Beautiful and challenging work by this underappreciated master.
Fred Herzog was unknown until in his 70s. He was a medical photographer in Vancouver, Canada and only recently discovered to be one of the great pioneering color street photographers of the past century. His vivid Kodachrome film images, mostly of Vancouver in the ’50s and ’60s, are amazing and evocative.


Known for his black & white photojournalism in the mid-20th Century, this is another photographer who did pioneering street work in mostly Kodachrome, of course.


Interesting compilation of about 75 photographers who trained their eyes on the contemporary scene in Brooklyn, one of the most diverse and dynamic urban scenes on the planet.
Although many of the images in this book also appeared in Frank’s groundbreaking book “The Americans” in 1959, this is a fresh take and also includes other work. It’s all beautifully printed in lush sepia tones of yesteryear.


Another red cover masterpiece, this one by Belgian photographer Harry Gruyaert, member of the famed Magnum photo agency. His color street photography is other worldly. P.S. — there is a noticeable trend of red covers in multiple new releases.
My friend Holly Gordon collaborated with watercolor artist Ward Hooper to produce this book of evocative and colorful Long Island landscapes. They each concentrated on similar subjects to produce their unique visions, which are presented side by side in this delightful volume.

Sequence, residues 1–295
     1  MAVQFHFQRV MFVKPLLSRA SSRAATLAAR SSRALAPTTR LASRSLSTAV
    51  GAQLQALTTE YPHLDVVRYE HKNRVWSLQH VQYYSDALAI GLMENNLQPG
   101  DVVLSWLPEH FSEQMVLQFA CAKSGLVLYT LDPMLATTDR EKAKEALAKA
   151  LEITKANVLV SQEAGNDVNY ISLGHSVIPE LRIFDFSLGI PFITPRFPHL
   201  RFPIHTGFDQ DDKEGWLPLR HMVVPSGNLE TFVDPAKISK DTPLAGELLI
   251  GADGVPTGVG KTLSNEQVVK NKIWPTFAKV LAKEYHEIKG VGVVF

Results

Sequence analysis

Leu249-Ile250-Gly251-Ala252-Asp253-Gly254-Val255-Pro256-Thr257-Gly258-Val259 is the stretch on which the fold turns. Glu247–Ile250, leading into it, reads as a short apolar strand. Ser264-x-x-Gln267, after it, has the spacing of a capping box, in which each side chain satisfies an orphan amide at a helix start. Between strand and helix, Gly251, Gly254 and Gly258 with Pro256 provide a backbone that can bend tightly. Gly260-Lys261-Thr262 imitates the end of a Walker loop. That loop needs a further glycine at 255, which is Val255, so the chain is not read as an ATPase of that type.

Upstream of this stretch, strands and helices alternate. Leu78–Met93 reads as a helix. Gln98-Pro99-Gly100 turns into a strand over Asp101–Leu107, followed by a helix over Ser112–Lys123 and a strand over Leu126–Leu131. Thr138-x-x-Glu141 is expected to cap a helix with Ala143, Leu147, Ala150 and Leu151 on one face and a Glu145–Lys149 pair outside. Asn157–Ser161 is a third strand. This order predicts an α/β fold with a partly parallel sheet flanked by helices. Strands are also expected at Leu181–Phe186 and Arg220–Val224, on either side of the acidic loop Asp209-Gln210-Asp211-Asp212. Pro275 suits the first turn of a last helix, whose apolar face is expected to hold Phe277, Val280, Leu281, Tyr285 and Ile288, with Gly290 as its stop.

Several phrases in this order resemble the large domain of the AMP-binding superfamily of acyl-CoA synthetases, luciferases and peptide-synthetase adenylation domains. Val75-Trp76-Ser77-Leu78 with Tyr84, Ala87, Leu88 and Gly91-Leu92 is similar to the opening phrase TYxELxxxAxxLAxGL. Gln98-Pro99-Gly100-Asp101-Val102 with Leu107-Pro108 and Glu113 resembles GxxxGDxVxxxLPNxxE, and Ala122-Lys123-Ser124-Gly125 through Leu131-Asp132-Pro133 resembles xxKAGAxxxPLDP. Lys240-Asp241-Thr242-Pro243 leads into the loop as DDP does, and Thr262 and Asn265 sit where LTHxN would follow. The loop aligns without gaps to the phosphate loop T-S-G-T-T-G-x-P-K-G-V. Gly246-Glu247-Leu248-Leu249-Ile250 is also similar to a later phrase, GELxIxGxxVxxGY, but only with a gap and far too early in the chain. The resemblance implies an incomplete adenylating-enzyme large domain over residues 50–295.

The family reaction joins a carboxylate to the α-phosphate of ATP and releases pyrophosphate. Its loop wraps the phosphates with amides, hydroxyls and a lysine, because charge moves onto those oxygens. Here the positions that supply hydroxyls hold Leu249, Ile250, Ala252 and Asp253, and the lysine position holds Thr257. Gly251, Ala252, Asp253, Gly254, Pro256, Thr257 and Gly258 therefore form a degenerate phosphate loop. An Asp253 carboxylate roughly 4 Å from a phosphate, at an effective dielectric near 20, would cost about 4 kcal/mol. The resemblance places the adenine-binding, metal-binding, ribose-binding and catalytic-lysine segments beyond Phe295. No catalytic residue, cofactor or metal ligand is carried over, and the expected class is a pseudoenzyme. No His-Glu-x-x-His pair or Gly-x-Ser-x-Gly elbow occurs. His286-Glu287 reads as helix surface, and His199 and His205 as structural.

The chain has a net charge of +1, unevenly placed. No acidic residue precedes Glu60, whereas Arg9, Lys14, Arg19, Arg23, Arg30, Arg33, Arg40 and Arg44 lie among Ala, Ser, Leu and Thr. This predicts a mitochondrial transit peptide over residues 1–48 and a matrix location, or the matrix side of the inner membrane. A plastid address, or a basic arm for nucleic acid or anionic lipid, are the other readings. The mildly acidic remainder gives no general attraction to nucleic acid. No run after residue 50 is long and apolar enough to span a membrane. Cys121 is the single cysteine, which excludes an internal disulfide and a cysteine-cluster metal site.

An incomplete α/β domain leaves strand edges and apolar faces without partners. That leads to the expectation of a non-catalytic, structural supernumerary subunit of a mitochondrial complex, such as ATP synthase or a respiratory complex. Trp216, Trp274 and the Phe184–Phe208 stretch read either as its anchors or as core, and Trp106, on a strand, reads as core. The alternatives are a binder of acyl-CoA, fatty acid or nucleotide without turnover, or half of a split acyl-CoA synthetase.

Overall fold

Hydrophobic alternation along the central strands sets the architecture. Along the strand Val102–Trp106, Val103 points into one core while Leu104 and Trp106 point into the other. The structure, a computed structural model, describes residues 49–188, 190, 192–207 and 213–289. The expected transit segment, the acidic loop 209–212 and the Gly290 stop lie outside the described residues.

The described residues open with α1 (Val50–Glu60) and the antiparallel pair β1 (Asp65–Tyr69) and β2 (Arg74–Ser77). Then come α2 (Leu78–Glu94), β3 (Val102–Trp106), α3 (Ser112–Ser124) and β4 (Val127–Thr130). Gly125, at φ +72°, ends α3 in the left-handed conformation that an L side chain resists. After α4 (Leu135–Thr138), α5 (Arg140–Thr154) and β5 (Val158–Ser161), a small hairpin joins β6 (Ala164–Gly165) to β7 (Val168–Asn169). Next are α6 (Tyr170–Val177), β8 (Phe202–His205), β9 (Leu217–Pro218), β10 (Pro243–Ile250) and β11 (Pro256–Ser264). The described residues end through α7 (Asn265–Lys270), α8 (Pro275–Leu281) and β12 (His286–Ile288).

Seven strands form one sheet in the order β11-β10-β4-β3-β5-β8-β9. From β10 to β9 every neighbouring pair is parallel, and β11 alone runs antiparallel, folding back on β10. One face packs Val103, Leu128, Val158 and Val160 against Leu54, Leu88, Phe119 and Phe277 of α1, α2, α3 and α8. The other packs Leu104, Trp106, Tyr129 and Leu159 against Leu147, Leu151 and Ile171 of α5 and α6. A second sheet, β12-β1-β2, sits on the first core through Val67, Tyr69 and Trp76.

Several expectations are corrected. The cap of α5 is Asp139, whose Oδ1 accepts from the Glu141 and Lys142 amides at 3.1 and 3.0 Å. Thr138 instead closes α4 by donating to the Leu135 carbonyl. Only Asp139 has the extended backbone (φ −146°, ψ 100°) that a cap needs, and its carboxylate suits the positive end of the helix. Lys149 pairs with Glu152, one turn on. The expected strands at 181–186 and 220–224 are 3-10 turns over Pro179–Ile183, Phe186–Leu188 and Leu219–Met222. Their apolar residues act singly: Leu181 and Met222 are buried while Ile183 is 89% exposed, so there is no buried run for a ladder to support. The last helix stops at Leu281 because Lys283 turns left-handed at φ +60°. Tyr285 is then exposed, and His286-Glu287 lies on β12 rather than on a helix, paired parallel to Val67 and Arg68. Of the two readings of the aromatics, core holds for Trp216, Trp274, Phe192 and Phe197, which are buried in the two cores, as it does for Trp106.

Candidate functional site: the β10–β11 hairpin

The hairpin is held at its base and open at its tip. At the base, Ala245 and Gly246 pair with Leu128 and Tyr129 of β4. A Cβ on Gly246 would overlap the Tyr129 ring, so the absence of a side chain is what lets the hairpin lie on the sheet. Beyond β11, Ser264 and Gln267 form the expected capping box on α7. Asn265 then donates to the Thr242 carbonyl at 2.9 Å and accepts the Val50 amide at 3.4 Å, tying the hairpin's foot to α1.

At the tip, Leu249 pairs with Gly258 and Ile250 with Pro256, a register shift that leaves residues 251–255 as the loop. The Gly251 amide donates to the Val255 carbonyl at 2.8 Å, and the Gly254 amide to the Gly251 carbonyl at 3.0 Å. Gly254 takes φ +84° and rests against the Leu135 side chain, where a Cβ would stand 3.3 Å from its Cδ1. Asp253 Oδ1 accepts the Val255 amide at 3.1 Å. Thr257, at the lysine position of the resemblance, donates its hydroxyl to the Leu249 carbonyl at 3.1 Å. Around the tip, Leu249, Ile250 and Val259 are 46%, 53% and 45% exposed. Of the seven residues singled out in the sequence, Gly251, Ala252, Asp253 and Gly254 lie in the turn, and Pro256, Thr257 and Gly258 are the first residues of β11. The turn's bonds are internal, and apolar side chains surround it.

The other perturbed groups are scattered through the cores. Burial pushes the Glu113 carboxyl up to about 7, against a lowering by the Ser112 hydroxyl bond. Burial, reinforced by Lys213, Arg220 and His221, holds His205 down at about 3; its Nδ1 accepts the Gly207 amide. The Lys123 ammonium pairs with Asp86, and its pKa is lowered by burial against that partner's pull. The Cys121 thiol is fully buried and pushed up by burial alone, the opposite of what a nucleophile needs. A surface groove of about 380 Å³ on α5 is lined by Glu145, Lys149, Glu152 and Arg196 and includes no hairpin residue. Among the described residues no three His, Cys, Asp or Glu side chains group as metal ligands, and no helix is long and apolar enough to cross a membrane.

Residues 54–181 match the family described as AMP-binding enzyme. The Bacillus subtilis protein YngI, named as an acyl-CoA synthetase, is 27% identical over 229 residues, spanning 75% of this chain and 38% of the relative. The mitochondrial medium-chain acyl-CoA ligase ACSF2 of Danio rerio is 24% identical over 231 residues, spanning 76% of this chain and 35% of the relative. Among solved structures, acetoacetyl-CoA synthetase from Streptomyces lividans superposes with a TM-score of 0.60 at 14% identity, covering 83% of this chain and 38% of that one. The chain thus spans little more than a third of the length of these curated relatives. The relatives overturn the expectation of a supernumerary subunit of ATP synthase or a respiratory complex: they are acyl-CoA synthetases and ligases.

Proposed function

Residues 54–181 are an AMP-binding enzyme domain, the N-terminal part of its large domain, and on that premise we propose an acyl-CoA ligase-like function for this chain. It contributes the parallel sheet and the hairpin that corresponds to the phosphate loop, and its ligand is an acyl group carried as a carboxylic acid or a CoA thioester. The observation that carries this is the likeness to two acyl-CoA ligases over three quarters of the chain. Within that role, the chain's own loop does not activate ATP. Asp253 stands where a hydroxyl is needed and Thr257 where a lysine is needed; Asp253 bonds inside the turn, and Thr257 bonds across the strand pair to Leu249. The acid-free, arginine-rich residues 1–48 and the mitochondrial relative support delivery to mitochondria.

June 2023



First trip to the United Kingdom… fish and chips, the Rosetta Stone, the Thames at Night, Hell’s Pale Ale, mastering the Tube, Carnaby Street, Indian food, double-decker bus to Waterloo, the Crown Jewels, Victoria and Albert, back to the 13th Century, Great Western Railway… have to go back for more.

A well executed tour of the Tower of London. Fortunately, not like the executions that once took place there.


Night stroll along the banks of the Thames.


Tennis, anyone? This train is bound for Wimbledon.


The passing parade on Oxford Street, thought to be the busiest shopping street in Europe. That is, if England is part of Europe.


I scaled the heights of academia at Oxford University. Climbed the narrow (very) spiral staircase to the top of the spire of the University Church of St. Mary the Virgin, where I was rewarded with this jaw-dropping view.


Gasp! It’s one of the most famous paintings on the planet, Van Gogh’s Sunflowers at the National Gallery (his chair next to it is not bad either).


Crown jewels… bad focus. The moving walkway was going too fast… it was dark… the guards were watching. Against the rules!


I found truth on the streets of London, at Piccadilly Circus.


This is the bike park at the Oxford train station. Everybody knows that bicycles are popular in Europe, but this may be over the top.


Girl on the train. Or about to get on the train After she finishes giving me the death stare.


Didn’t get to see the changing of the guards at Buckingham Palace, but did see the training of the guards.


Two gentlemen, having a chat, just off Carnaby Street. I’m thinking of buying a suit like that.


The classic London cab, the picture of understatement.


Not Napoleon’s Waterloo… it’s the double-decker bus bound for Waterloo Station.


Piccadilly dude. I can do that. No I can’t.

January 2019


Hopping around lower Ontario… Niagara Falls (Ontario side of course)… Niagara-on-the-Lake (Ontario of course)… Ontario wine country (the beautiful Niagara Valley)… and of course Toronto (fastest growing city in North America and I’m not just saying that).

Night colors of the Hornblower. You will get wet!


There are acronyms for everything. This one is LOLO — Lovers on Lake Ontario. LOL


This Niagara River Valley estate is noted for their ice wines. And no, we did not drive a Prius to Trius.


Casa Loma, the most spectacular residence in Toronto, is not for sale. But you can rent it for your wedding.